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Athlete Perspective: Mindfulness

In our day-to-day lives, we can become preoccupied with our responsibilities and lose sight of the focus we need to thrive in the present moment.

Respond to these distractions through mindfulness, a practice that allows us to pay full attention to our feelings so that we achieve a clearer, healthier state of mind.

Athletes in particular benefit from mindfulness in sport, but it can also be a powerful ally to athletes as they take on second careers and enter new worlds of work.

Athlete Career Transition Performance Psychologist, Odette Hornby explains more.

Being mindful involves connecting to how our body feels – being present in the moment. For athletes, mindfulness brings a sense of calm and improves ability to focus in the midst of demanding schedules; it puts them in greater touch with the needs of body and mind, allowing them to adjust training and competition schedules to best effect.

As athletes move away from professional sport, they can lose sight of the power of mindfulness and its many benefits. But mindfulness is wholly transferable to new working contexts. It enables practitioners to switch off from work, improve overall well-being, reduce stress, and enhance self-awareness.

Developing mindfulness

Mindfulness can be built by paying more attention to your thoughts through reflection and devoting time to yourself.

To start, athletes should not try to do everything at once, but identify small achievable goals. Move the process forward by setting aside two evenings a week, just for five minutes each time to spend on personal reflection. It may be useful to write down thoughts during this period.

Meditation is a great way to improve here. A focus on breathing is particularly helpful as it gives a tangible point for your mind to dwell on.

Try to create a relaxing environment that blocks out external distractors and stressors – a space that allows inner thoughts and feelings to come to the fore. Approaches will vary from one individual to another, so it’s important to try different techniques and to find out what feels comfortable for you.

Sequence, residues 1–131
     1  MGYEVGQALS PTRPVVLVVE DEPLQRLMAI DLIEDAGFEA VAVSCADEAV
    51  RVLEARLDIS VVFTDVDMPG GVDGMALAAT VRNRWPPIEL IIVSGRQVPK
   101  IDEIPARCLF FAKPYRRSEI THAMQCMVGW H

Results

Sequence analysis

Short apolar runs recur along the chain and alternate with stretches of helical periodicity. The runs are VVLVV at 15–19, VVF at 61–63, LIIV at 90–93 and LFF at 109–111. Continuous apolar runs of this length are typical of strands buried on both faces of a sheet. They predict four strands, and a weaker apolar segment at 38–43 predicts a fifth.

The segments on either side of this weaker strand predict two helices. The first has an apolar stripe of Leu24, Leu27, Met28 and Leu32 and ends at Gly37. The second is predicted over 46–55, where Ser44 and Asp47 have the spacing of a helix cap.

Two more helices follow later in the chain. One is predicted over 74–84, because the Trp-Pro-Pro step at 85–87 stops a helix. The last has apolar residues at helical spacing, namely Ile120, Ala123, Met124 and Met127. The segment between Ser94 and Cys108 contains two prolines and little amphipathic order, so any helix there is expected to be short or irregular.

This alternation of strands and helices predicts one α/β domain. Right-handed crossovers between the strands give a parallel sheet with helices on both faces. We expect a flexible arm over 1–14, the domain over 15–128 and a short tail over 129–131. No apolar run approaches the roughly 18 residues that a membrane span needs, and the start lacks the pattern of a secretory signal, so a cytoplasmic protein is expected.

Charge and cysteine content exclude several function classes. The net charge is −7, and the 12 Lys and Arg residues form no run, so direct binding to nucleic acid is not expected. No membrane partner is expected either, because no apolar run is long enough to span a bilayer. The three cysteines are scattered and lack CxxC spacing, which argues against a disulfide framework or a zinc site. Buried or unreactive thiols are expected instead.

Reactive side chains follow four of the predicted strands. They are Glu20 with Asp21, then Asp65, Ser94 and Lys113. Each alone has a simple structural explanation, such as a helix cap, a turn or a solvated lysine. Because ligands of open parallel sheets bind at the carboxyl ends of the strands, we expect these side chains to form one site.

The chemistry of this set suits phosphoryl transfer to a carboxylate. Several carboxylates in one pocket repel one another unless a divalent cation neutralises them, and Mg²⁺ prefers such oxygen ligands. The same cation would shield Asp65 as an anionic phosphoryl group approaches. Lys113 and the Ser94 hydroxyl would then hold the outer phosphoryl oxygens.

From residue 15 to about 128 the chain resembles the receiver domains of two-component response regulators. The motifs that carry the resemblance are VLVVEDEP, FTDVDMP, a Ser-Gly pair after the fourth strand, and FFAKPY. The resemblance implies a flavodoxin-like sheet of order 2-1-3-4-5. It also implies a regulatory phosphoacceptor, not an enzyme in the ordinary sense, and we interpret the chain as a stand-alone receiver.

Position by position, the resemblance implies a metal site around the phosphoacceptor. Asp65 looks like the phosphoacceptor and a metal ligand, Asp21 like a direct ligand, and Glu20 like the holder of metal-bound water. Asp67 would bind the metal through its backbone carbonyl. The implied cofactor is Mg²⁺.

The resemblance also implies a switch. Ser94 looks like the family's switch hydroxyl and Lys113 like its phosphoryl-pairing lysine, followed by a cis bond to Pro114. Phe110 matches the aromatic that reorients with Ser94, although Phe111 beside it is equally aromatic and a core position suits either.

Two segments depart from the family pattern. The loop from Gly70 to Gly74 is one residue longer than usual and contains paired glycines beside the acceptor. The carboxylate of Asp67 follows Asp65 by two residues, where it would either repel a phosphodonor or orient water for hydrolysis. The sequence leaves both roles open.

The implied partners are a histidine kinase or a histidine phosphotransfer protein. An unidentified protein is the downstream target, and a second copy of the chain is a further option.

Reading, yoga, or simply going for a walk are some of the established paths to mindfulness; they should take you to a quieter, more reflective state of mind where you will feel more grounded and more distanced from stress.

The benefits of mindfulness

Time spent in this space will leave you calmer, more in tune with yourself, and more able to see the choices that are best for your own wellbeing.

Once you find a technique that works, practice regularly to enhance benefits. The results may not materialise instantly, but over time, you will be rewarded by greater clarity and a mind-set that is not easily destabilised by issues that are beyond your control.

In the workplace, mindfulness allows us to escape day-to-day anxieties and apprehensions so that we may give our whole selves to the present time and the challenges that lay before us. Successful mindfulness also brings higher levels of concentration, greater governance over our emotions and better understanding of our capabilities.

Ultimately, mindfulness allows us to perform to our full potential. It’s a valuable tool for athletes aiming to be the best version of themselves.

Mindfulness key points

How to develop mindfulness

  • Stop trying to achieve all your goals at once

  • Set aside time for personal reflection

  • Practice in a quiet space, away from external stressors

  • Consider exercises that slow down your mind, such as yoga, reading or going for a walk

  • Writing thoughts and feelings in a diary or journal will take heavy emotions out of your head, enabling you to think more clearly

  • Practice regularly

Benefits of mindfulness

  • Calmer, clearer state of mind

  • Stronger powers of focus

  • Less vulnerability to stress

  • Better mental wellbeing

  • Enhanced performance over time


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